Agree. I rinse thoroughly and there's no problem with the red wine. I have to wash my glasses carefully because I'm a spaz, but also make sure to swish the dishcloth through them and hand dry with lint free cloth. I hate spots on my glasses. Even in restaurants it bugs me to see that residue on the rim - yuck.

                      1. re: taos

                        I do clean my wine glasses immediately after dinner, and try my best to gently reach the bottom of the glass. But for whatever reason, certain (but not all styles/make) of my glasses show stain after a while. When that happens, I use denture cleaner tablets.

                        1. re: boredough

                          If they "stain after a while," all that means is that you're not cleaning thoroughly each time you wash them. A little bit of wine is then left behind each time and it builds up to the point where you see a visible stain. Again, washing thoroughly and immediately after use will prevent this. If you still have trouble cleaning them thoroughly, before you resort to chemical cleaners like denture tablets that you probably also will not rinse out well since you have trouble rinsing out wine, try cleaning with a cotton-tipped bottle brush like this one:

                2. Very soft water, but everything goes in the dishwasher.

                  All of our stemware was cheap (less than $5 each) so if it gets broken, no harm no foul. Amazingly, despite many drunken uses of them, only one wine glass has broken and it was hubby knocking it over on the counter the next day.

                  1. Agree with the rec to try Jet Dry or a similar product, and use less soap.

                    I highly recommend the Vinum Gourmet (6 1/4 inches high) or Water Glass (5 7/8 inches high) short stem shapes.
                    They have worked well for us in the top rack of dishwashers (can turn completely over rather than need to place at an angle).

                    1. I rinse them with really hot water and then dry with a good lint-free microfiber wine glass towel. I couldn't live without one of these towels. I used to have to polish over 100 glasses a night for work, and it would have been impossible without a microfiber towel. Some brands are better than others. The Riedel one is good but a little pricey. I always put them in the washing machine a couple times to get rid of excess lint when they're new. Always polish glasses before they start to dry - if you use one of these they will be spotless with one swipe. If I have a lot to wash at home I'll run them in the dishwasher without soap just to rinse them off with hot water, and then polish by hand. With a little practice you will be able to do two dozen glasses in about four minutes.


                      2 Replies
                      1. re: la2tokyo

                        I have heard that the flour sac towels work well for drying stemware. I cannot comment if this is true or not, because I have been to lazy to pick some up. They are cheap though:


                        Has anyone used them?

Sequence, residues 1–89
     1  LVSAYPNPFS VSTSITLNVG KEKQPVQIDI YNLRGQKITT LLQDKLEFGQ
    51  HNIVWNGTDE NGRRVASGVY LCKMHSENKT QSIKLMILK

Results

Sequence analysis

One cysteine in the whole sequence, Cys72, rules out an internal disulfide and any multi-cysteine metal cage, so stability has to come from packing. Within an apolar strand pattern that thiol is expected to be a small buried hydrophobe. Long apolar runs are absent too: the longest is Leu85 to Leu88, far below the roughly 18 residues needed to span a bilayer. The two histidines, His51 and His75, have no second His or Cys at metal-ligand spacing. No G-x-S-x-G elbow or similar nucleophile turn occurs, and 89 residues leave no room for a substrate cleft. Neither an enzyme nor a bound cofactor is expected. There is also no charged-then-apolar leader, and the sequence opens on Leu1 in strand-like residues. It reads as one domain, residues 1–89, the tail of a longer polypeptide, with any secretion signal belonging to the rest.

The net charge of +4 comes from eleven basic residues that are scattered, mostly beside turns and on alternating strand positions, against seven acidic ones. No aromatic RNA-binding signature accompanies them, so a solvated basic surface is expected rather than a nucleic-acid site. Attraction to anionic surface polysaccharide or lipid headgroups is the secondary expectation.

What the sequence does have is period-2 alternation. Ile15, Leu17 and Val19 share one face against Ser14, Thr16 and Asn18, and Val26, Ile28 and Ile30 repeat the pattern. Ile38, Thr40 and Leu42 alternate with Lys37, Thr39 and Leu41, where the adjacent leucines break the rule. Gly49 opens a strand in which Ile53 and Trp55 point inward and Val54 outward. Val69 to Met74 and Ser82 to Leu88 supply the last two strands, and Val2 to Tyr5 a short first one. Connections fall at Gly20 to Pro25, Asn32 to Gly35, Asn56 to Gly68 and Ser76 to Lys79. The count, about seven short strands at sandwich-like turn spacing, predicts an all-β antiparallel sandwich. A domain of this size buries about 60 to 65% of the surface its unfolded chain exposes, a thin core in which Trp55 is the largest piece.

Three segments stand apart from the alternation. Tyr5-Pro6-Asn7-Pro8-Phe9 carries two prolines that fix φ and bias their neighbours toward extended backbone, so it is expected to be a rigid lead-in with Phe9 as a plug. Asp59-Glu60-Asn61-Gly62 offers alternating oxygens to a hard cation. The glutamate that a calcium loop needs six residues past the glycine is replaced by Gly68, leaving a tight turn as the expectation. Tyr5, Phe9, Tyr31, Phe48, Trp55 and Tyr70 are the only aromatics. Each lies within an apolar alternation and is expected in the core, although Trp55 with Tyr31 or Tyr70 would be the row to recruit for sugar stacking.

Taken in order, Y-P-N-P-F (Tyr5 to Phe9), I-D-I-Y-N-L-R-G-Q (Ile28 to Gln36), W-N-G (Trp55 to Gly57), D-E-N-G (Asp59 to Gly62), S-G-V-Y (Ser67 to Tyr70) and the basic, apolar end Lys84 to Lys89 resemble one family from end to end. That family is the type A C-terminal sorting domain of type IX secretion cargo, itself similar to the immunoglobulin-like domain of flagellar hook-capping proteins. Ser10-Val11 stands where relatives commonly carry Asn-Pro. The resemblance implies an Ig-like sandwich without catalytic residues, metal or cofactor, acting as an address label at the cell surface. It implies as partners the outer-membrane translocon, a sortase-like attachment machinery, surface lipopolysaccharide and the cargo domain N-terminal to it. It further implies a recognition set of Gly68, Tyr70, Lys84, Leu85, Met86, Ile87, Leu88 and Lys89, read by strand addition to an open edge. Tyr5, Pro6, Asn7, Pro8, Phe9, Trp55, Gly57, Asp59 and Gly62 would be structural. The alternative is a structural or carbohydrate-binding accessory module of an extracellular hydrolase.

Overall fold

1. re: dcole

                          I like linen towels best, but all my kitchen towels work fine. I always get a fresh one when drying things by hand, and have no lint issues. Riedel makes a microfiber drying cloth ... I use it to clean my glass table and mirrors. Williams-Sonoma carries them.

                          I wash all my good glassware by hand ... only my everyday drinking glasses go in the dishwasher. I do not wash it immediately, but I do rinse depending on the glass design (some like to collect a pinpoint of whatever you drank in the bottom). I had some freebie glasses that came with some kind of liqueur that did this to the point that I put them in the recycling cart. Those were just badly designed glasses. Some are more trouble than they're worth.

                          I have broken very few glasses over the years ... maybe you need a sturdier model, like maybe the stemless Riedels. I have some vintage Art Deco Libbey glasses that are very sturdy too (and beautiful).

                      2. Anyone know if a stemware drying rack offers any discernible advantage over just turning wine glasses upside down on a towel?

                        2 Replies
                        1. re: omotosando

                          If the stemware is fine crystal, you do not want the edges to touch any surface, as that may cause the lip to fracture. Also, regardless of the quality of the crystal, you will get better dryingof the interior portions of the glass through evaporation if there is a gap between the upturned glass and the underlying surface. I don't use a separate stemware drying rack because my dishdrainer includes one that will hold about 4 glasses at anyone time (depending on the size of the bowl).

                          1. re: masha

                            Thanks. I don't have fine crystal -- after breaking too many Riedel glasses, I bought Schott Zwiesel Tritan which are fairly sturdy. I was just wondering if I was going to get less spotting if I hung the glasses versus the turn them over and put them on a dish towel method.

                            If they are going to spot just the same (a function of the hard water I believe), I rather avoid bringing another gadget into my kitchen.

                        2. I wash by hand in very hot water using Seven Generation free and clear dish soap and a sponge that is only used for dishes. Rinse, thoroughly in hot water and then air dry upside down in a dish rack.

                          1. Reviving this topic to advise anyone interested that I've been using a polyester wine cloth that is pretty amazing. I've found it at Wine Exchange, in Tustin, CA, for only $6.99, but the brand is "Epic" and I think they're available on line.

                            These things make quick work of drying and polishing........ and dry incredibly quickly. They're used at both of the winebars where I work.